Anjana Ahuja

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Anjana Ahuja ( अंजना आहूजा ) is a British Indian science journalist and a former columnist for The Times. Since leaving the Times in 2010, she has freelanced for the Daily Telegraph, Prospect, New Scientist and the Financial Times. She was named Best Science Commentator at the 2013 Comment Awards. Ahuja, who was educated at a comprehensive school in Essex, read physics at Imperial College London, and then took a PhD in space physics during which she worked on data about the Sun's magnetic field from the Ulysses probe.[1]

Early Career[edit]

After receiving her PhD in 1994, she was hired by The Times as a graduate trainee journalist.[1] Ahuja wrote the weekly Science Notebook column in The Times, and was also a regular feature writer. Her articles have twice been nominated for the Association of British Science Writers awards, and won the 1998 EMMA award for Best Print Journalism.[2] Her column covered all areas of science, medicine and technology, and although her articles can be defensive of properly-tested fringe science, she has often spoken out against pseudoscience and in favour of freedom of research data.[3][4]

Ahuja has also served as a judge for The Aventis Prizes for Science Books and sat on committees on public awareness of science for the Royal Society and the British Council. She has served for the past decade on the editorial committee of the British Association for the Advancement of Science, recently renamed the British Science Association. She ran a series of lectures between 1998 and 2002 for the Royal Institution, highlighting the research of young scientists.[5]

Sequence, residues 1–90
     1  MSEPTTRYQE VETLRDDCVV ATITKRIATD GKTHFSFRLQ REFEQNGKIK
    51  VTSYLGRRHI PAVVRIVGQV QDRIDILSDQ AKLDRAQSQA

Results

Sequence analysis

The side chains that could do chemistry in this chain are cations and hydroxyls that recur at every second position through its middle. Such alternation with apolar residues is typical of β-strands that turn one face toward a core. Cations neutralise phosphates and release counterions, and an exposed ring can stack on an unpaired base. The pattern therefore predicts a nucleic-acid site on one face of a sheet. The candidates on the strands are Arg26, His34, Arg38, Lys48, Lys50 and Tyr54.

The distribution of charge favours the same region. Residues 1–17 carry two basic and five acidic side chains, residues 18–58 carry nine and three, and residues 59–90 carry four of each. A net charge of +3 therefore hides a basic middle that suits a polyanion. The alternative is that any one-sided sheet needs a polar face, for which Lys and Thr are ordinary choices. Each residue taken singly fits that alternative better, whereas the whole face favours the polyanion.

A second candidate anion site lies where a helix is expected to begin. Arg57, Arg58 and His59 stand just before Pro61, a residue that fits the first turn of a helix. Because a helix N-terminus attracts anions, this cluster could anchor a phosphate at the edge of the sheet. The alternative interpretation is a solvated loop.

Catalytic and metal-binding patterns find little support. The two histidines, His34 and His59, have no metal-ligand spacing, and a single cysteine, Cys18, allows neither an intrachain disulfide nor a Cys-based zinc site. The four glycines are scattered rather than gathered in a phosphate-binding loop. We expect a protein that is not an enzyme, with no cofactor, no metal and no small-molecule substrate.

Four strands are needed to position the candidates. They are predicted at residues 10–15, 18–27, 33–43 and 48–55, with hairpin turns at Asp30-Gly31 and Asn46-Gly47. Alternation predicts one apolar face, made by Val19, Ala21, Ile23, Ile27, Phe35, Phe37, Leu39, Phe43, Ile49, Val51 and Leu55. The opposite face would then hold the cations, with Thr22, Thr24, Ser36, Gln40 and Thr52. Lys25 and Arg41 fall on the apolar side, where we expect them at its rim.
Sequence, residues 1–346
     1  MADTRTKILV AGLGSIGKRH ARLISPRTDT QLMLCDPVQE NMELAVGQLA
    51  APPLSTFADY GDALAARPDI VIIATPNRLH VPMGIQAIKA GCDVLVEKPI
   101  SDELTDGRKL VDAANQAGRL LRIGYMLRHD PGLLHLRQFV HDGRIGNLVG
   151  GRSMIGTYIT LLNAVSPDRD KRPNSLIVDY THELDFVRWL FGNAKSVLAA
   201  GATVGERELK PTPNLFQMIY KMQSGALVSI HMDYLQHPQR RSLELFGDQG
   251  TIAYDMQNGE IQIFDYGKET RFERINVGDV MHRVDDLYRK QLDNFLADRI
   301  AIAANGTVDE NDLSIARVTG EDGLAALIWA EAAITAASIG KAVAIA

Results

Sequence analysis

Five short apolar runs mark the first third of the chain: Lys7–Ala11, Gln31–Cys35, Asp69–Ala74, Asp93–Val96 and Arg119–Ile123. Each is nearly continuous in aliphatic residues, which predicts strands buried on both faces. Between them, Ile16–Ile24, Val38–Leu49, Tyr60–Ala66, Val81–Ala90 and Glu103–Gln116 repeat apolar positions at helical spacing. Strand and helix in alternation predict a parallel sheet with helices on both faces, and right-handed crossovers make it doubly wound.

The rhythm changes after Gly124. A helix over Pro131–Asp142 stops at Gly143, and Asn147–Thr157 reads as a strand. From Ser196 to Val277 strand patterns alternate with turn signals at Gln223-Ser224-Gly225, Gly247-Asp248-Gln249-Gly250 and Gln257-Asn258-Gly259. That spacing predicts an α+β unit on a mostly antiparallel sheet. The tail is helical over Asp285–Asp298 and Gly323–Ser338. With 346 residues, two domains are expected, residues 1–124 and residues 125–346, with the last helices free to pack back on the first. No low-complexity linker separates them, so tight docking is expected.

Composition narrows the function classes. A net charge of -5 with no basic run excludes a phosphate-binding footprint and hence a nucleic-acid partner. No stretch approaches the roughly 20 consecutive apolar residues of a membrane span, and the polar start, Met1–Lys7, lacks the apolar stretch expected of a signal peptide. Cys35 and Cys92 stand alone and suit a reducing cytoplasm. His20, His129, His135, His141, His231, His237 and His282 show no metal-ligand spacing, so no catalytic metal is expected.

She co-wrote Selected (Profile UK; published as Naturally Selected by Harper Collins USA) with Professor Mark van Vugt, a 2010 book outlining the evolutionary origins of human leadership. In 2012, she edited Light Reading [1], an anthology of science writing inspired by Diamond Light Source, the UK's national synchrotron facility. In September 2012, Ahuja was awarded an Honorary Fellowship of the British Science Association, along with Professor Brian Cox OBE, Professor Lord John Krebs and Professor Lisa Jardine. She is on Twitter as @anjahuja

References[edit]

  1. ^ a b Naughton, Philippe. "Anjana Ahuja". London: Times Online. Retrieved 2007-05-14. 
  2. ^ "Ahuja wins Award". EMMA. 1998-05-22. Retrieved 2007-05-14. 
  3. ^ "Enlightening the future - Anjana Ahuja". Spiked. Retrieved 2007-05-14. 
  4. ^ "Journalists speak out for Open Access". Open Access Now. Retrieved 2007-05-14. 
  5. ^ "Asian Women of Achievement Award 2003". Red Hot Curry. Archived from the original on 8 June 2007. Retrieved 2007-05-14. 

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